There are millions of Palestinian refugees living in refugee camps and other poor conditions. Just like the Jewish people, they need a place that they can call home.
The Palestinians already have an elected organization that governs the Palestinian held territories, the Palestinian National Authority. The next logical step is an official creations of a separate Palestinian state.
Palestinians deserve to govern themselves.
“Well, there has emerged, over the course of the past ten years at least, a sense that the only way out of the situation in the Middle East is to establish a State of Palestine alongside Israel so that there will be an end of conflict. There is no other solution to end the conflict in reality. There is an international consensus about it as reflected by the so-called Road Map Quartet [the United States, the European Union, Russia and the United Nations], which is after all the whole world. You have the United States, you have Europe, you have the Russians and the United Nations, which is the whole world, and then there is the Arab League, which is twenty-two different states, and there is the previous Palestinian administration, and the Israeli administration, all of them committed to the two-state solution."- Ziad J. Asali, MD, President and Founder of the American Task Force on Palestine, June 2, 20061
Data Set #2: No, There Should Not Be A Separate Palestinian State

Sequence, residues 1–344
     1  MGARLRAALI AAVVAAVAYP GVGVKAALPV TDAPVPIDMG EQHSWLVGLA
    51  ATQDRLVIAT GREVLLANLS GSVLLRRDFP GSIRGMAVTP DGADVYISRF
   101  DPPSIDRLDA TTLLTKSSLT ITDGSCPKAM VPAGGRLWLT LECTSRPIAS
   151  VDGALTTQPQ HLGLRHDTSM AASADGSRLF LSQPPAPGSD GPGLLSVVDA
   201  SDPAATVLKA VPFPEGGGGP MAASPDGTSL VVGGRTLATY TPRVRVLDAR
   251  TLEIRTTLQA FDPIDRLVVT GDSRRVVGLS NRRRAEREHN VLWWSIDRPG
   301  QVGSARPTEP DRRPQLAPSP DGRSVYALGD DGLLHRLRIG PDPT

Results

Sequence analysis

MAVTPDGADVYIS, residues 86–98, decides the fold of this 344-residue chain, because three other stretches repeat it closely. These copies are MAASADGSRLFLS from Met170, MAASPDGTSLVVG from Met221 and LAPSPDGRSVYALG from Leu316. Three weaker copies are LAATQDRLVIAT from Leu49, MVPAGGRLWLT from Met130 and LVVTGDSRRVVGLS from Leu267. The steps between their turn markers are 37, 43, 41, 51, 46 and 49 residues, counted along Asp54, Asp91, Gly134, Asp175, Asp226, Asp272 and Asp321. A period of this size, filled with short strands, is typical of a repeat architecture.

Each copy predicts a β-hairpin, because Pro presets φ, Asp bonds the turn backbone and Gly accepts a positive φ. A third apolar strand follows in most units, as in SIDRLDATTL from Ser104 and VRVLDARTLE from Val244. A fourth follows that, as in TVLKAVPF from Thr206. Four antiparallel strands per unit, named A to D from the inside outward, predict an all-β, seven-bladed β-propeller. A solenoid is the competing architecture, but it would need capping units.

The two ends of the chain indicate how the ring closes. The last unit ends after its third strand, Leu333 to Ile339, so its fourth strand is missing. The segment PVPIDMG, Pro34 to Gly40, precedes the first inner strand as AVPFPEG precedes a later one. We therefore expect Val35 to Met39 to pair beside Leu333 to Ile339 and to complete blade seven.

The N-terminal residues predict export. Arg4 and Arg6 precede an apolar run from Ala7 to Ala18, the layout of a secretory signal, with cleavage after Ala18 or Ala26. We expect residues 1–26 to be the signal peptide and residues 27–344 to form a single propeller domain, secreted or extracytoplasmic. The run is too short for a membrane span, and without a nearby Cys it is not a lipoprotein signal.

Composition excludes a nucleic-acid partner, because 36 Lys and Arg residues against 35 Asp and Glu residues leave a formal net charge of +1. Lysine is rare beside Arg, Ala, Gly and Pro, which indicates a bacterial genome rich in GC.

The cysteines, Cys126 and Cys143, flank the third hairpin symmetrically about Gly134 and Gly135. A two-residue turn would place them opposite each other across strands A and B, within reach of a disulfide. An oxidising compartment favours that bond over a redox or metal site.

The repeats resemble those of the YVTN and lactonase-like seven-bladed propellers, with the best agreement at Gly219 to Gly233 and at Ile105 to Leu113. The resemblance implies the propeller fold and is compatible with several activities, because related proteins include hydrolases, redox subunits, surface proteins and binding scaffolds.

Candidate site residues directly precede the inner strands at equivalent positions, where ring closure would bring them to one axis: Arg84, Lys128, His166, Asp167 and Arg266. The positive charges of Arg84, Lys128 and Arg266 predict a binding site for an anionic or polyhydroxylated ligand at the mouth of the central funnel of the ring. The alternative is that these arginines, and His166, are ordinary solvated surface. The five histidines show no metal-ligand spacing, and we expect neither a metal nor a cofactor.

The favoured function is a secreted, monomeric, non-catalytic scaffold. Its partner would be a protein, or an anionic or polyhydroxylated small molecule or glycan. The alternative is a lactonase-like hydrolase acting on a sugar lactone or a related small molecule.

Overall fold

The land that the Palestinians would likely receive in a two state solution would be the West Bank and the Gaza Strip. Neither area of land is ecologically or economically viable. “The State of Israel includes the coastal regions and the most fertile lands. The Palestinians are left mainly with mountainous and arid regions.”2
Land inevitably changes hands over time. The Palestinians lost it and have no right to reclaim it. The United States would not sanction the creation of separate Native American states within its borders.
There are hundreds of Israeli settlements within the West Bank and Gaza. Why should the Palestinians have control of the land? A separate Palestinian state is no longer possible because of years of Israeli settlement.
"The paradigm of the Two States will not bring about stability. No! . . . (The Two-State solution) is not relevant. Not relevant . . . (The Palestinian state) will undermine the State of Israel. From there, the confrontation will go on. The State of Israel is ready to give the Palestinians an independent Palestinian state, but the Palestinians are not ready to give us an independent Jewish state . . . Every agreement you make will be the starting point of the next irredenta. The next conflict. The next war. The establishment of a Palestinian state will lead at some stage to war. Such a war can be dangerous to the State of Israel. The idea that it is possible to set up a Palestinian state by 2008 and to achieve stability is disconnected from reality and dangerous.” -Moshe Yaalon, Lieutenant General and former Chief-of-Staff of the Israel Defense Forces.3Data Set #3: Yes, There Should Be A Separate Palestinian State